On Sunday I invited the congregation to be seated for the gospel, and put down their bulletins and close their eyes so that in some way we would not use the perception eyesight gives us but to listen to gospel with insight. While their eyes were closed I read the gospel while walking around and through the worship space so that sound and closeness changed as my direction changed, and they could hear the dialogue of the man and the others more clearly. Some people had a hard time closing their eyes. It was not the kids. It was adults. Who felt insecure. But they stuck with it.
And then we opened our eyes...
A few years ago, my mother had cataract surgery. I remember back when my grandmother had it, what an ordeal it was. Now it is so much easier and the results more immediate. There was incredible joy at the thought- “I can see! Look at everything I can see now!”
However, that was quickly replaced by- “oh my, look what I can see” as my mother began to realize that in the light was revealed the things she had not been cleaning so well. And the guilt of what people who would have thought who visited-Lord, have mercy!
Very quickly the joy of the healing was replaced again by the tendency we all have to focus on deficiencies and shortcomings. The places where it is “not enough!”
This is so much a part of our lives that recently a high school student began a program called “Operation Beautiful-the Perfectly Imperfect project.” She realized that so many people look upon their deficiencies so much more than their positives. And she started a simple thing- taking Post-It notes and writing “You are beautiful” or “You are stronger than you know” and other messages and leaving them on places they would be seen like the mirror of the girls’ bathroom. Or inside the cover of books at places like Barnes and Noble. Random places where people can be reminded of who they really are.
Rather than just focus upon who they are not.
Which is where I think our readings take us today.
We hear in I Samuel of the search for a new king and Jesse’s sons being brought forth to find the chosen one. One by one they are noted for their strength, and stature and good looks- qualities we would surely think are important in a leader. And instead God chooses the youngest boy, brought in from the field probably still wearing sheep dung, and we hear that God sees beauty. Where we don’t. God’s eyes see that we are perfectly imperfect and loved by God. God’s eyes see differently. With love.
And then we come to the Gospel and what God sees. Our very long reading today begins with Jesus seeing a man. Yes, a man who is blind. But it really is first and foremost that Jesus notices a man and stops. Jesus sees a man. And wants to heal him.
And almost everything that follows in all those verses is what everyone else sees and thinks. The disciples see sin and judging- what’s wrong, what’s the deficiency? Because of course that is far more important than helping.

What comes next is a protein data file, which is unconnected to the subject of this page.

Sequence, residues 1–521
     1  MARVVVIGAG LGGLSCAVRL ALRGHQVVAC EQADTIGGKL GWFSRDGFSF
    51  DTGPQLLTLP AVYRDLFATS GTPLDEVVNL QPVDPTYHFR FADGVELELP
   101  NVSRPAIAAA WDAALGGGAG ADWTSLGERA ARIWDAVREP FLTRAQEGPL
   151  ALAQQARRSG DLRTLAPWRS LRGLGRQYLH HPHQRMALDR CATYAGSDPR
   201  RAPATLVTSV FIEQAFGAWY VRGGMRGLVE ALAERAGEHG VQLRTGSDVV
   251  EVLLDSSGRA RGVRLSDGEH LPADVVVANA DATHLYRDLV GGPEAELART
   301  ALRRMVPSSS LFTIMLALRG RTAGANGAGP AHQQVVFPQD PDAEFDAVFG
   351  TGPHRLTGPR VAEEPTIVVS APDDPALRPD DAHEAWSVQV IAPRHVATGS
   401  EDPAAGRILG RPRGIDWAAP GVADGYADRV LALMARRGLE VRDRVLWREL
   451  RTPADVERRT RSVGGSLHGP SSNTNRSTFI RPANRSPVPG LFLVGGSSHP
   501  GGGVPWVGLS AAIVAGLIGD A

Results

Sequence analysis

The religious leaders see a label. “Blind.” Despite his being in the view for a long time, they know so little about this man other than the label, that when he is not blind, he is like a stranger to them. They are so focused on his deficiency that they don’t even want to let him tell his own story. And they see lots of things they think cannot be or that they don’t know. And ones they are sure others don’t know.
Jesus sees a man who needs to be healed. And heals him. That’s it.
Everything else is about how others are so quick to return to the deficiencies. And the poor man who for his whole life has been excluded from the synagogue and can FINALLY worship there, ends up back where he started. Kicked out. Kicked out of the very life he could finally have.
And he’s separated again.
Then Jesus comes to heal him again. Jesus heals him a second time.
He sees the man and restores him. The first time he healed him of his blindness. This time he heals him of the wounds caused by the blindness of others. He gives him a place, and shows him that Jesus stands with him.
I think that Jesus coming that second time helps us see that Jesus meets us here in the places we need to be healed. Because in our lives we too have lists of deficiencies, the one we have for ourselves, and the one that is made up of the deficiencies of others. The places where we think it is “not enough!” Where we think that we are not enough, where we look at our city, or this church or our world and only see it as “not enough.” Places full of what we can’t see or cannot be. These are the lists of word, perceptions, and fears that keep our lives at the surface level only. That keep us from really living. The things that keep us from seeing ourselves as created in God’s image, and loved; from seeing others and our world in the same way.
Jesus comes and sees and wants to heal. Comes again this day to us to heal us. And again and again. To remind us that God sees with eyes of love and grace. To wash away all those deficiencies like so much mud.
To open our eyes to see the light of the world made known to us in the work of the cross. So we can let go of what we cannot see or don’t know. Because the only thing we need to know is the love of God in Jesus for us.
Let us pray- Lord, thank you for coming into our world and healing us from our blindness and the effects of the blindness of others. Thank you for seeing us with eyes of love and forgiveness. Wash away the words, perceptions and fears that we are sure cannot be or cannot change, so that all we see is the only thing we need to know- your son Jesus, the light of the world. Amen